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Connie Willis

PostPosted: Sunday, 02 November 2008, 1:08 am
by DavidTate
Connie Willis is the most highly-decorated science fiction author of recent years. According to her page at the Internet Speculative Fiction Database (, she has won:

1982 - Fire Watch Nebula Award, Novelette (Win)
1982 - A Letter from the Clearys Nebula Award, Short Story (Win)
1983 - Fire Watch SF Chronicle Award, Novelette (Win)
1983 - Fire Watch Hugo Award, Best Novelette (Win)
1988 - Lincoln's Dreams John W. Campbell Award, John W. Campbell Memorial Award (Win)
1988 - The Last of the Winnebagos Nebula Award, Novella (Win)
1989 - The Last of the Winnebagos SF Chronicle Award, Novella (Win)
1989 - The Last of the Winnebagos Hugo Award, Best Novella (Win)
1989 - At the Rialto Nebula Award, Novelette (Win)
1992 - Doomsday Book Nebula Award, Novel (Win)
1992 - Even the Queen Nebula Award, Short Story (Win)
1993 - Even the Queen SF Chronicle Award, Short Story (Win)
1993 - Doomsday Book Hugo Award, Best Novel (Win)
1993 - Even the Queen Hugo Award, Best Short Story (Win)
1993 - Doomsday Book Locus Poll Award, Best SF Novel (Place: 1)
1993 - Even the Queen Locus Poll Award, Best Short Story (Place: 1)
1994 - Death on the Nile SF Chronicle Award, Short Story (Win)
1994 - Death on the Nile Hugo Award, Best Short Story (Win)
1994 - Close Encounter Locus Poll Award, Best Short Story (Place: 1)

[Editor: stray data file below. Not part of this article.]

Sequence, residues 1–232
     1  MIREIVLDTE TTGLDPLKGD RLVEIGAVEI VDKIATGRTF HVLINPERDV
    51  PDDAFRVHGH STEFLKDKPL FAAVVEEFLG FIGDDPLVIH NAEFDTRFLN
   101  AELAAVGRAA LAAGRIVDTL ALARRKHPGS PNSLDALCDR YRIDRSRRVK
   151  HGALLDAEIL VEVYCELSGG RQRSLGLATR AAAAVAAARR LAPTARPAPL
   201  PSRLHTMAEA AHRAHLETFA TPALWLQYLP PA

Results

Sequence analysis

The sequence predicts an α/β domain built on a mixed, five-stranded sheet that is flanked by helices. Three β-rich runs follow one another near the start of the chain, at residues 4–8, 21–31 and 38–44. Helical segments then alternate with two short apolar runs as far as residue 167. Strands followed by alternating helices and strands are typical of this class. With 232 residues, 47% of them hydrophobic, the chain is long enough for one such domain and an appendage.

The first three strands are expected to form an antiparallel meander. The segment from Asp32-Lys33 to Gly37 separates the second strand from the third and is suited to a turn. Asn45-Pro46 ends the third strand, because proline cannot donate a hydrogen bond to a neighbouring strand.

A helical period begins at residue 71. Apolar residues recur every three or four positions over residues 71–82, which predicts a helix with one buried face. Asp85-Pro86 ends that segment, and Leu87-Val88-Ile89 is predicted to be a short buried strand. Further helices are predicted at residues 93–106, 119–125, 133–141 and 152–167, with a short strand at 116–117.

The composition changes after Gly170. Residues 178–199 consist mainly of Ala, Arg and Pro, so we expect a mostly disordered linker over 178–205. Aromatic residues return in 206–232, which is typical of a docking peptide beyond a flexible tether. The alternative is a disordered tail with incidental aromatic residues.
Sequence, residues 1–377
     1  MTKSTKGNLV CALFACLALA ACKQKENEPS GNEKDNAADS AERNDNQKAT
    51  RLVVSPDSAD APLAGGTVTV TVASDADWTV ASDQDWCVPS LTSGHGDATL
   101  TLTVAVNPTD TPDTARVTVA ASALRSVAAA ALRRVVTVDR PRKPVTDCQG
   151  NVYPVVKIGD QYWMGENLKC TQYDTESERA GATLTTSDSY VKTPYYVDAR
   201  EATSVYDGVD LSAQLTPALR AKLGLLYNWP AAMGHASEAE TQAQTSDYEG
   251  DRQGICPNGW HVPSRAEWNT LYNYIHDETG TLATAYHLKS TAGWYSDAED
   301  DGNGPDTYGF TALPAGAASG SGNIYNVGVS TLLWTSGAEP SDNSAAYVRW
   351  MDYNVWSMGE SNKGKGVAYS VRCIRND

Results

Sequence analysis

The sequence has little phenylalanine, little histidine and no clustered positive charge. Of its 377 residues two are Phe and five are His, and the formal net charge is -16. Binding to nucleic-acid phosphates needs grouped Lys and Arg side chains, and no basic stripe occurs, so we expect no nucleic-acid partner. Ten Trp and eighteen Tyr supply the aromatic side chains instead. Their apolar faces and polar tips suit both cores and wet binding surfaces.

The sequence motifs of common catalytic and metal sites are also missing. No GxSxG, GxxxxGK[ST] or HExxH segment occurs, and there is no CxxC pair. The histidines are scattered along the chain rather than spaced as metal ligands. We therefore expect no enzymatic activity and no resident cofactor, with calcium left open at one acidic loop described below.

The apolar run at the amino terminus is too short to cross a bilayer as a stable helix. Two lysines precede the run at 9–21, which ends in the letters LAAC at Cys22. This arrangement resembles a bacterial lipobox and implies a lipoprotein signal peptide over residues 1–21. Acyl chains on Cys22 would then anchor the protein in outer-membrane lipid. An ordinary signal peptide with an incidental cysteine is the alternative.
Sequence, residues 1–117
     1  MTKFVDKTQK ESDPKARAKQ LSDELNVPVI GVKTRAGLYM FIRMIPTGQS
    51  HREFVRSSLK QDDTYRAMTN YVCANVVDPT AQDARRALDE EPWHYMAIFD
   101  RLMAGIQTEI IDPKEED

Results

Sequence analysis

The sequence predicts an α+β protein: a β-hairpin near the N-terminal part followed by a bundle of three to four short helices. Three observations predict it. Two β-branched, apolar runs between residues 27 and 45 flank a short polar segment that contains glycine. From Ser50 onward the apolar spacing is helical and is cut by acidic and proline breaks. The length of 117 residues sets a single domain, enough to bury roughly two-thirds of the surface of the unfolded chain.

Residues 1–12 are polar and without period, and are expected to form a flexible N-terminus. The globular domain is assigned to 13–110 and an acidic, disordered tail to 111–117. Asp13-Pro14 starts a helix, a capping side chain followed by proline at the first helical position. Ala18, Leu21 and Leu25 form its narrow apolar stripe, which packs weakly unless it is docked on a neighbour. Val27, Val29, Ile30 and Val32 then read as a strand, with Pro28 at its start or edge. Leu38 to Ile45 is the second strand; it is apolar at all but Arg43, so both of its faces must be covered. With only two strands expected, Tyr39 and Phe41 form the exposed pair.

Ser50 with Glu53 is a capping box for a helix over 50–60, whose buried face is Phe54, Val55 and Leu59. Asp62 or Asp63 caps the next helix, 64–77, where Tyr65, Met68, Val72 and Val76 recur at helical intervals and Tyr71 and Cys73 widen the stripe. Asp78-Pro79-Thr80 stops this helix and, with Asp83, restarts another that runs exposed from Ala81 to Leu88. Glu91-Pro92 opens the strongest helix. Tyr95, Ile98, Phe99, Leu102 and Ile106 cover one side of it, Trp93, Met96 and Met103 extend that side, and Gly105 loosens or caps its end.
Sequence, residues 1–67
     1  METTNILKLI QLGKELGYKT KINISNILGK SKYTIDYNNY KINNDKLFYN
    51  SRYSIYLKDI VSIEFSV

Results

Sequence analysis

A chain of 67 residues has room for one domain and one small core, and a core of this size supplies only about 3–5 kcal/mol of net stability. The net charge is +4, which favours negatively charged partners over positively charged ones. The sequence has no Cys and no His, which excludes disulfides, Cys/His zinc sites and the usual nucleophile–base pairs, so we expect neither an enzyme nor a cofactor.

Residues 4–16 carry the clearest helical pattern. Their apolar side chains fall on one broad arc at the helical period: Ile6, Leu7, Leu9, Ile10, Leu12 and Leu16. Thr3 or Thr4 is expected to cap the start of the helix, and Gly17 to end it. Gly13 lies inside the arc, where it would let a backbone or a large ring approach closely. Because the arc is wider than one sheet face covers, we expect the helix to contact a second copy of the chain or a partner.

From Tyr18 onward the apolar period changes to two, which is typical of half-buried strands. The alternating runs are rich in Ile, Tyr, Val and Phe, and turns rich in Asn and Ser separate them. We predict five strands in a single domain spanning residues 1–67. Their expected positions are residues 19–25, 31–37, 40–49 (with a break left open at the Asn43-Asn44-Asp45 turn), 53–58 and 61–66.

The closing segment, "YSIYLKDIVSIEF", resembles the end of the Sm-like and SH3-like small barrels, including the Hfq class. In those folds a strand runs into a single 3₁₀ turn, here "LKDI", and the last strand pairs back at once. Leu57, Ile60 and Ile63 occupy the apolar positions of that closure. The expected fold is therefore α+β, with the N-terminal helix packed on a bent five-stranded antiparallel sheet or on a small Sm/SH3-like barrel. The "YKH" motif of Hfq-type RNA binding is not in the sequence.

1994 - Impossible Things Locus Poll Award, Best Collection (Place: 1)
1996 - Remake Locus Poll Award, Best Novella (Place: 1)
1997 - The Soul Selects Her Own Society: Invasion and Repulsion: A Chronological Reinterpretation of Two of Emily Dickinson's Poems: A Wellsian Perspective Hugo Award, Best Short Story (Win)
1997 - Bellwether Locus Poll Award, Best Novella (Place: 1)
1998 - Newsletter Locus Poll Award, Best Novelette (Place: 1)
1999 - To Say Nothing of the Dog Hugo Award, Best Novel (Win)
1999 - To Say Nothing of the Dog Locus Poll Award, Best SF Novel (Place: 1)
1999 - Locus Poll Award, Best SF/Fantasy Author of the 90's (Place: 1)
2000 - The Winds of Marble Arch Hugo Award, Best Novella (Win)
2002 - Passage Locus Poll Award, Best SF Novel (Place: 1)
2006 - Inside Job Hugo Award, Best Novella (Win)
2008 - All Seated on the Ground Hugo Award, Best Novella (Win)

My word -- 8 Hugos, 5 Nebulas, assorted Locus and J.W. Campbell awards... quite a resume.

I have to admit that I have only read a few works by Willis. I have read the novel Doomsday Book, which I found to be excellent, with minor reservations. I have read the novel To Say Nothing of the Dog, a comedy homage to Jerome K. Jerome's Three Men in a Boat, set in the same universe as the foregoing (which was not at all comic). I found it much less amusing than many other people apparently find it. I have read the novella "Fire Watch", related to the two aforementioned novels, and found it to be quite good. I have read some of her short fiction, including the critically-acclaimed "All My Darling Daughters", and found them to be uneven -- and, in the case of AMDD, unreadably misanthropic. I have NOT read any of her more recent acclaimed novels, such as Bellwether or Passage. I am certainly not the ideal advocate for Ms Willis's works, but her absence from these pages is hard to miss. I have heard that she inspires rather bipolar reactions from readers; people either love her works, or loathe them. I neither loved nor loathed the works I have read (with the exception of AMDD); I thought they ranged from decent to quite good. Good enough to justify her cartload of trophies? I couldn't say.